May she bear her worthy England, and the white hand that but now
Has dashed the wine of baptism upon her shapely bow!

• The Petts wore the hereditary ship-builders of the English navy from the days of James The FiRst to those of James The Second.


Anonymous said...

Hi Andy

Great Poem to read. Its interesting how reading about the past it tends to jog ones memory about things apparent this day and age. Particularly "The Petts" ship builders and "Petts Wood" in Kent. This was probably where a lot of Oak was felled for the ships of the line.? maybe.

Andy said...

Spot on John! That's where the name comes from.

Peter Pett, Master Shipwright of Deptford, was granted a Coat of Arms in 1563. His son, Joseph Pett of Limehouse, succeeded his father as Master Shipwright before Peter's death in 1605. Joseph surveyed the timber for the construction of a ship named Sovereign of the Seas, and married Elizabeth, daughter of Richard Hoborn, another shipwright and churchwarden at Chatham. Joseph died in 1652, aged about 60. Joseph's son, the second Peter Pett, carried on the private family business of shipbuilding at Wapping. Joseph's other son, also named Joseph, became the master carpenter employed at Chatham in 1643 by the then Earl of Warwick.

Another son of the first Peter Pett was Richard Pett, who raised his son (Peter of Deptford (1593–1652) and the third Peter Pett) to be a shipwright. The sons of this Peter Pett were Phineas (a captain in the Royal Navy) and another Peter (the fourth).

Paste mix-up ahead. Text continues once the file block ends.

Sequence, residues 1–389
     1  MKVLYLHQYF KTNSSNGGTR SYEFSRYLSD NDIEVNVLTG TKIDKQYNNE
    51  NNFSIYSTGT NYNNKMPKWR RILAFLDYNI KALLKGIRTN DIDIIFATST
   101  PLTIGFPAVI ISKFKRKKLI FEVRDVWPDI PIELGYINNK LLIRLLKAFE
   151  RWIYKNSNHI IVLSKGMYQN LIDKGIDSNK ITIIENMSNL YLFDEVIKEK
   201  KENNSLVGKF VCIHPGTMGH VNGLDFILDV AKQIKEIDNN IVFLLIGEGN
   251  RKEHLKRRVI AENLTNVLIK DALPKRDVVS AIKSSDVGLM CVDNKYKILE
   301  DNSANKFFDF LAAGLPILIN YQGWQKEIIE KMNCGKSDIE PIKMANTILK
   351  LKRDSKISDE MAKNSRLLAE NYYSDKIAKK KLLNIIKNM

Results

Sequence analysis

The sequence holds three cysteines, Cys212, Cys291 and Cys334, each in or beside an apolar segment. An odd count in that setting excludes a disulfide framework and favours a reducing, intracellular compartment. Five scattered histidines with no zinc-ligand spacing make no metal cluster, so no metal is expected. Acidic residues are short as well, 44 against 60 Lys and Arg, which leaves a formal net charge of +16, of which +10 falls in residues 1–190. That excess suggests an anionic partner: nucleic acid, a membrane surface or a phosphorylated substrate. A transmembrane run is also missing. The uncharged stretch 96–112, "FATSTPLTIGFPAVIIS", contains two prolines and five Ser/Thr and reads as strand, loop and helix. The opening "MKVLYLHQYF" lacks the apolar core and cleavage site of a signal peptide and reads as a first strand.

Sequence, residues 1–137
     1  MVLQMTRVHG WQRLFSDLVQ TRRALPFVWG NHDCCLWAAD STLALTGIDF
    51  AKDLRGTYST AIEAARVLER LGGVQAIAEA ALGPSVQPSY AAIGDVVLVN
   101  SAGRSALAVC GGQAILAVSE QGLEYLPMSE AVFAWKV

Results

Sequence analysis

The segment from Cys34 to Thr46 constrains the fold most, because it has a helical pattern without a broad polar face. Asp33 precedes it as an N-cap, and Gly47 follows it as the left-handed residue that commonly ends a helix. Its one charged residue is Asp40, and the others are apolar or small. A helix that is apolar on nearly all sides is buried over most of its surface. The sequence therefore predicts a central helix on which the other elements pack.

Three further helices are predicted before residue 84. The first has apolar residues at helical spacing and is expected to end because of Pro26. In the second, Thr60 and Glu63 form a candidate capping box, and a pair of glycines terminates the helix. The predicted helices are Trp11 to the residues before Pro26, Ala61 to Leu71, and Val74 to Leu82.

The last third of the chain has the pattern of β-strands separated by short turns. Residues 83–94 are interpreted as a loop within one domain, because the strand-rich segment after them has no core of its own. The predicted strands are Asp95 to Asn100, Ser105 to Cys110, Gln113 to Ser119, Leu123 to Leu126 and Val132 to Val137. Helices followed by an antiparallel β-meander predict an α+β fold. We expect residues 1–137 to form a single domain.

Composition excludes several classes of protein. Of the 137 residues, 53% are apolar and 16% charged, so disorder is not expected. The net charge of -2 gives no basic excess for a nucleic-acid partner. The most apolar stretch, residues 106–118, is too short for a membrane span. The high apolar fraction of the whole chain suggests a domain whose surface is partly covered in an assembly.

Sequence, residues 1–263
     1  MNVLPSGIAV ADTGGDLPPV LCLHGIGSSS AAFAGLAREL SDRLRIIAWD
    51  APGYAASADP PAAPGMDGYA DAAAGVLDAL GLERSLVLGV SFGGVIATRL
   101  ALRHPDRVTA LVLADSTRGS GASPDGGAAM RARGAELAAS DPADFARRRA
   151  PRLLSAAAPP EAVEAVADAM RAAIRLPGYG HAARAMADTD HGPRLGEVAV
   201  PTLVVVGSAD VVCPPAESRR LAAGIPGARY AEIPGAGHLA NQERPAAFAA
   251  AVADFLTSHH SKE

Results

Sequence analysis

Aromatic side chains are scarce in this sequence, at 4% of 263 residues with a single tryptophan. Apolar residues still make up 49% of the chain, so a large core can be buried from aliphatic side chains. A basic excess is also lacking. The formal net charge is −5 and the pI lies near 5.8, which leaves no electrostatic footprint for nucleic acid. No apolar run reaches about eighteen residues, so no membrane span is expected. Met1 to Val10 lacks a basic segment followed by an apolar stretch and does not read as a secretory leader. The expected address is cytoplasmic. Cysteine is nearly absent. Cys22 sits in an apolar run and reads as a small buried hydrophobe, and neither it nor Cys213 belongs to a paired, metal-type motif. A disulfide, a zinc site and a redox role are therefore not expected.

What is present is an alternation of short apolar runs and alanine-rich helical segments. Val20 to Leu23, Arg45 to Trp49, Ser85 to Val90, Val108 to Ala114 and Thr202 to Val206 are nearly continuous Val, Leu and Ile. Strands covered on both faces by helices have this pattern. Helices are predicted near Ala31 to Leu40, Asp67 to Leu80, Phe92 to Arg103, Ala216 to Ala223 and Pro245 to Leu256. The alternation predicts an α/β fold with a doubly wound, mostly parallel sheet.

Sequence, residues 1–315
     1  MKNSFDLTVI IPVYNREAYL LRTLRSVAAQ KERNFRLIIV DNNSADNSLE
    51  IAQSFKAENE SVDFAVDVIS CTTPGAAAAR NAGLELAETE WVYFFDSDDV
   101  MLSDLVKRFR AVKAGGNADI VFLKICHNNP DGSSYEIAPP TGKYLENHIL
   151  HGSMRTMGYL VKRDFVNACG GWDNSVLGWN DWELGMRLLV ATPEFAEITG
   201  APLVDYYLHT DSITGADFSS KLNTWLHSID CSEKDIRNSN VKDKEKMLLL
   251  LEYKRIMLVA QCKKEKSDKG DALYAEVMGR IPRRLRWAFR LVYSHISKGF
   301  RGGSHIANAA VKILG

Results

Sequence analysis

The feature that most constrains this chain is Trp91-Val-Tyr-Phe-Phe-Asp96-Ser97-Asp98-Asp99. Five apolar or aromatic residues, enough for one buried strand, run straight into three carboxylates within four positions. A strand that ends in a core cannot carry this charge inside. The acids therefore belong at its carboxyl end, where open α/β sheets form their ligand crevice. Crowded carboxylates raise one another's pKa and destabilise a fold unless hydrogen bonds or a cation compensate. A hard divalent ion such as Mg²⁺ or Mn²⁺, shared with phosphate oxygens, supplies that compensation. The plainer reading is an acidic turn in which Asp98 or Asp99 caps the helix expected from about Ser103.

This fourth Peter was baptised in St Nicholas' Church in 1630, and was later educated in St Paul's School and Sidney Sussex College of Cambridge, where he was admitted in 1645. He then graduated to Pembroke College, Oxford, and in 1648 was elected to a fellowship at All Soul's College. He was bachelor of civil law to Gray's Inn from 1657 to 1658, and was knighted in 1661, after which he sat as a Member of Parliament for Askaeton in the Irish Parliament. He was called to the bar in 1664, as a barrister in law of the Middle Temple, and one of the original Fellows of the Royal Society in 1663, from which he was later expelled in 1675 for "not performing his obligations to the society". He also became Advocate-General in Ireland, before his death in 1699. Peter was a learned author and many of his manuscripts have survived him.

Shipbuilders. This family had been in the trade since the reign of Edward VI and owned woodlands in Kent (Petts Wood) which provided timber. Peter was master shipwright until his death in 1589 followed by his son Joseph. Phineas Pett was born at Deptford Strand in 1570 and lodged in Deptford Green. He worked on the Ark Royal and Drake’s ship. His nephew, another Peter, introduced the frigate to the English Navy. He died in 1652 and has a memorial on the north wall in St Nicholas Church.

Extract from Wiki.

shipwright's palace said...

Andy said...

Sorry Shipwrights ..didn't know you posted it..

ian said...

Today descendent of the Family is Ian Petts (the s) was added as so many of them that the Royal Navy admitted they gave up determining who was who, even though they were so close it was said even the devil could not split them up. Ian has been a Finance Director of companies that built a couple of the worlds biggest Royal yachts whilst at YCO and Hill Robinson and is now Head of Yachting and Aviation at Equiom Trust Group.